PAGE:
Thanks to a well-tuned clutch take-up, rolling smoothly away from a stop in the GR is no big deal, though the shifter’s somewhat long throw does take a little getting used to. Once you get into a rhythm, however, this is a car that flows right along with you. Power comes on in a fairly aggressive manner – peak horsepower doesn’t hit until 6,500 r.p.m. with peak torque arriving at 3,000 r.p.m. so you do have to wring its neck a little to get the best out of it – but that’s what makes it so damn fun.
You find yourself really grabbing those shifts a little more than you may typically on a winding road, but you do it because you’re rewarded with such response when you really get it right, really drop it into the meat of the powerband. It’s a car that rewards when driven with aggression, and I won’t fault it for that.
Things change a little on the handling front – thanks to extra welds, extra underbody bracing and the standard fitment of front and rear Torsen limited-slip differentials, this is a car that flows nicely with your inputs which don't need to be quite as whip-snap as they do when it comes to the powertrain. It just hunches down and beds itself in as you let those sticky Michelins transmit everything to the tarmac below. Add a recalibrated suspension for a massive reduction in body roll and you’re off to the races.
Off to the races, that is, once you’ve selected which of the three torque splits you’re provided with: 60/40 front/rear, 50/50 or 30/70 for an almost RWD-like feel. Toyota recommends the 60/40 for everyday driving, the 50/50 for track use, and the 30/70 for use on slower, windier roads. The difference between the three is properly palpable as the rear-end becomes that much more lively, or you get that much more pull out of the corners – it again evokes feelings of the STi, with its C-Diff whizz-bangery.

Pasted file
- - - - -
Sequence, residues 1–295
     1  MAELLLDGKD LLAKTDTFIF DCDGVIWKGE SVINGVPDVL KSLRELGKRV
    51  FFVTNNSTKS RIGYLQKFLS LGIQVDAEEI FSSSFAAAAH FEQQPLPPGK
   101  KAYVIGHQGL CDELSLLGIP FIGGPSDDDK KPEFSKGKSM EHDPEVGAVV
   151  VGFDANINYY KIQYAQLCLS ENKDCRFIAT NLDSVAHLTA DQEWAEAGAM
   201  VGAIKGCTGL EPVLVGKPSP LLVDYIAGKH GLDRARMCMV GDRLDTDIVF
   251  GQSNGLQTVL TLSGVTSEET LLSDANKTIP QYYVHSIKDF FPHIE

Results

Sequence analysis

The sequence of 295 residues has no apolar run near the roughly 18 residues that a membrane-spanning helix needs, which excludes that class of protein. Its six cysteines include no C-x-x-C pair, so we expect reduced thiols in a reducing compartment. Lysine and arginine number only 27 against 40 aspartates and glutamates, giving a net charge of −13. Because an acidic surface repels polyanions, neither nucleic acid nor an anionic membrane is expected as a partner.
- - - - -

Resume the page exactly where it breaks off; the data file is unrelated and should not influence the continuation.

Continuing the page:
Speaking of “properly palpable”; the change to Morizo spec – so named for Toyota chief Akio Toyoda’s racing moniker -- is most definitely that.
Right off the hop on the track, the Morizo springs forth with that much more intensity and gumption, and as you start to twist that wheel, it moves through the bends like the not-so-far-removed-from-a-racer that it is. Instant turn-in is followed by the body moving gamely through turns on the heels of the vice-like grip the Morizo-only Michelin Cup 2s have on the tarmac below. There’s more power, the gearbox gets closer ratios, and the fact that you’re hauling so much less around feels unlike any hot hatchback you’ve driven before.
Spectacular as it is, the Morizo isn’t for everybody. It’s incredibly specialized and the price tag reflects this. The real question, though, is how well this performance Corolla’s more accessible trims can put the wood to the likes of the Honda Civic Type R
or even the Volkswagen Golf R
. Having only driven the latter, I can tell you that the Corolla is the more on-the-nose car, a true performance model. It’s an assault on the senses and one of the most thrilling compacts we’ve seen in Canada in quite some time, if not ever.
And it’s a Toyota Corolla. The world we live in.
2023 Toyota GR Corolla
Five-door compact performance hatchback
front-engine, all-wheel drive
1.6-litre three-cylinder, turbo, 300 hp, 273 lb-ft of torque (Morizo: 295 lb-ft)
FUEL ECONOMY CITY/HIGHWAY/COMBINED:
WEBSITE: GR Corolla